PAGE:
Thursday, September 27, 2012



Note: Audio of one of last night's shootouts across the river from
Eagle Pass, TX. Interesting that there was no full auto heard. Fire

Other details from Vanguardia, in Spanish (grenade on bridge was a dud)

More cartel snapshots emerge in capo's trial
September 26, 2012 11:04 PM
Mark Reagan
The Brownsville Herald

A witness testified Wednesday that Juan Roberto "Comandante" Rincón
Rincón would pick up drug proceeds, as well as deliver payment
intended for the witness from a now-detained Gulf Cartel boss.

Alejandro Jimenez Mendoza, 45, of Brownsville, testified that he
worked for his brother-in-law Fernando Sanchez, who was a cousin of
the recently arrested Jorge Eduardo "El Coss" Costilla Sanchez.
Rincón is on trial, charged with two counts of conspiracy to
transport cocaine and marijuana, according to court records.

The cartel sent Mendoza to pick up 28 vacuum-sealed packages full of
cash in Houston to bring back to Matamoros for drug payment. Mendoza
said after he successfully hid the money under the hood of a vehicle
in Brownsville and brought it into Mexico, Rincón arrived at
Sanchez's house two days later with a $5,000 payment from Costilla
for him.

Mendoza also testified that Rincón delivered his payment to Sanchez
in February of 2004. Mendoza told the court that he needed money and
talked to "Sergio," whose last name he couldn't remember, to ask
Costilla for the work.

Mendoza, who spent two stints in prison for smuggling marijuana,
testified Wednesday that he had already spent several years in prison
near San Antonio before first seeing Rincón in 2001 at a funeral of a
fallen comrade in Matamoros.

Mendoza testified about two separate loads of marijuana in November
and December 2003 that he said he and Sanchez paid Costilla for
permission to smuggle. Mendoza testified that on one occasion in
December, Sanchez gave a bag of money to Rincón, who arrived to pick
it up for Costilla.

On the occasion in November, Mendoza testified that he paid a $78,000
fee to Costilla, in person, so he could smuggle nearly 6,000 pounds
of marijuana. Mendoza testified that Costilla gave the bag to Rincón
and one other person — whom Mendoza could not remember — to count.

Mendoza is currently in custody on drug trafficking charges and
testified that he hopes for a reduced sentence because of his


During the trial, the prosecution has called several witnesses to the
stand who knew Rincón from the time they were children, including one
who testified Wednesday that in 2000, 2001 and 2002 Rincón worked for
the local police in Matamoros, but that he sold cocaine to drug
houses from his patrol car while he was in uniform.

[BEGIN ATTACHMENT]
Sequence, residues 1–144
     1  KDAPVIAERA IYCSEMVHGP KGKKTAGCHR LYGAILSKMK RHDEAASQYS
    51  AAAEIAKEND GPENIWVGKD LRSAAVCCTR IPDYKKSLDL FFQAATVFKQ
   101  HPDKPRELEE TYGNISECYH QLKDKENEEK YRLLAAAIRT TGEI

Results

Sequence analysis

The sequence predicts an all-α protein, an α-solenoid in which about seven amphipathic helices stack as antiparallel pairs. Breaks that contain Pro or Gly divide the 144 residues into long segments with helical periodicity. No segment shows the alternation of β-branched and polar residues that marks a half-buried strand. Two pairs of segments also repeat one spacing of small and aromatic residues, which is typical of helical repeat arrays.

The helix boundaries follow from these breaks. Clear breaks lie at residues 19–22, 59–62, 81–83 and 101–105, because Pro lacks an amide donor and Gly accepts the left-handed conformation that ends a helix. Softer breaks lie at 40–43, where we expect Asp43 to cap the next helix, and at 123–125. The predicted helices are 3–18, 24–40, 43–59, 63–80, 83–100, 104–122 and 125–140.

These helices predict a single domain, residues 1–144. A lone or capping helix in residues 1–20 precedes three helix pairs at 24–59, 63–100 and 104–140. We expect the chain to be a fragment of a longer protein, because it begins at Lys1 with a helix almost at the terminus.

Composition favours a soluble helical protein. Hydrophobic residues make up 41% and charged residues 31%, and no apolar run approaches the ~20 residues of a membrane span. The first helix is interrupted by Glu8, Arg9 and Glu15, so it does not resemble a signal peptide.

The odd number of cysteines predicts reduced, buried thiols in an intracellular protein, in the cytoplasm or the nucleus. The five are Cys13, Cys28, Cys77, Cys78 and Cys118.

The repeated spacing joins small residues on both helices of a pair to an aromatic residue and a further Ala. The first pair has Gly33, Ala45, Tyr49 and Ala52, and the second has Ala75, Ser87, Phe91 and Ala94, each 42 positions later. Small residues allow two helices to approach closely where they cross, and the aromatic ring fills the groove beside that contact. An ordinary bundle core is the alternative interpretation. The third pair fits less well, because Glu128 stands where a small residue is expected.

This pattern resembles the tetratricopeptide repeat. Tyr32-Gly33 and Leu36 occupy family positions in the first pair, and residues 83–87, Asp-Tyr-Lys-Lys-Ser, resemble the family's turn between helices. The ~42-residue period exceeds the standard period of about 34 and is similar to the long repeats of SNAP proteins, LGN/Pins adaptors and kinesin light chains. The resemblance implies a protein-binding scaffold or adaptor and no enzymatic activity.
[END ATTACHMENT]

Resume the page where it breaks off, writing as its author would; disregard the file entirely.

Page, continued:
Adalberto Nunez Venegas, 40, was called to the stand Wednesday
afternoon. He pleaded guilty in April to trying to bribe a public
official. Venegas and six other men offered $800,000 to a federal
undercover agent to ensure that Gulf Cartel operative Juan Carlos de
la Cruz Reyna be released to members of the cartel rather than
Mexican authorities upon the completion of his federal sentence,
federal authorities have said.

Venegas testified that he had known Rincón since they were children.

Venegas described a carwash in Matamoros that he frequented where
known members of the cartel, including Rincón, would congregate to
drink beer, cook and to conduct the monthly "poya."

According to testimony from Rafael "El Junior" Cárdenas Vela, poyas
are investment opportunities his uncle Osiel Cárdenas Guillén, the
now-imprisoned former head of the Gulf Cartel, extended to members,
letting them buy cocaine at the same price as the cartel and then
make extra money — beyond their salaries — by selling it.

Cárdenas Vela was arrested in Port Isabel in October and pleaded
guilty to drug trafficking charges. He testified that he hopes his
cooperation might sway a judge to give him a lenient sentence. He is
facing life in prison.

Venegas testified that Rincón would organize the poya by taking down
how much cocaine each person participating wanted, entering it into a
little black book and then returning when he had the cocaine. Venegas
testified that Rincón would walk out of those meetings with $500,000
to $700,000 in cash. He testified that he witnessed Rincón take money
and deliver drugs on several occasions in 2003, 2004 and in 2010.

He testified that cartel members paid Rincón in $100, $50 and $20
bills vacuum-sealed in bags with the amount written on it. When
Rincón came back with the cocaine, he would have about four suitcases
filled with 220 to 440 pounds of cocaine to distribute to cartel
members, Venegas testified.

The prosecution also called several Border Patrol agents who made
large marijuana seizures across from the Rio Bravo cartel plaza in
September and October of 2011. In all the incidents, agents testified
that they did not know whom the marijuana belonged to.

Prosecutors say Rincón was the plaza boss of Rio Bravo in September
2011 — a peak marijuana importation time.

Rincón was arrested with Jose Luis "El Wicho" Zúñiga Hernandez and
three other men in October after fleeing a gunbattle in Mexico
against rivals within the Gulf Cartel, federal agents say.

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